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Turbulent Premixed Hydrogen/Air Flames.
Final rept. 1 Aug 1987-31 Dec 1990
MICHIGAN UNIV ANN ARBOR DEPT OF AEROSPACE ENGINEERING
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The properties of turbulent premixed flames were investigated both theoretically and experimentally. Attention was limited to hydrogenair mixtures burning as either turbulent jet flames or a freely propagating flames in isotropic turbulence. The research has application to a variety to premixed turbulent combustion processes underwater metal cutting at great depth, primary combustors for high-speed airbreathing propulsion systems, afterburners, fuel air explosions, and spark-ignition internal combustion engines. Major findings of this phase of the investigation are as follows 1 effects of preferential diffusion are relevent for flames at high Reynolds number, retarding and enhancing the distortion of the flame surface by turbulence for stable and unstable conditions, respectively 2 local turbulent burning velocity, flame brush thickness and the fractal dimension of the flame surface all increase with distance from the flameholder, with larger rates of increases at larger turbulence intensities 3 estimates of flame properties using contemporary turbulence models were only fair because these methods cannot account for effects of preferential diffusion, distance from the flameholder and finite laminar flame speeds and 4 the stochastic simulation duplicated measured trends of flame surface properties for neutral preferential diffusion conditions the only case considered but underestimated effects of turbulence particularly near the flame tip due to the limitations of a two-dimensional simulation.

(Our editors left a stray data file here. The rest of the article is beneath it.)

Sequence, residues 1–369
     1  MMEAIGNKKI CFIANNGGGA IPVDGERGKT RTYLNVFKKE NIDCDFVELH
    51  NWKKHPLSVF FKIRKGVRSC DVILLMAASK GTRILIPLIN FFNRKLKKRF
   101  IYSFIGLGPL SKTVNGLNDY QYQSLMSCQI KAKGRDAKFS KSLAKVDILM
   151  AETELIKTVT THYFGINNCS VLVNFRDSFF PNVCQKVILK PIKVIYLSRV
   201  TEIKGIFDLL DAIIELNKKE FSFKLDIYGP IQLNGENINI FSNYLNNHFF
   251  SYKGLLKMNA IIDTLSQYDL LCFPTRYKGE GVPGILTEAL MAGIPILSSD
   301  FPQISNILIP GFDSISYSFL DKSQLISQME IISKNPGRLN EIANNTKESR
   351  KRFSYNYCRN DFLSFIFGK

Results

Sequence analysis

APPROVED FOR PUBLIC RELEASE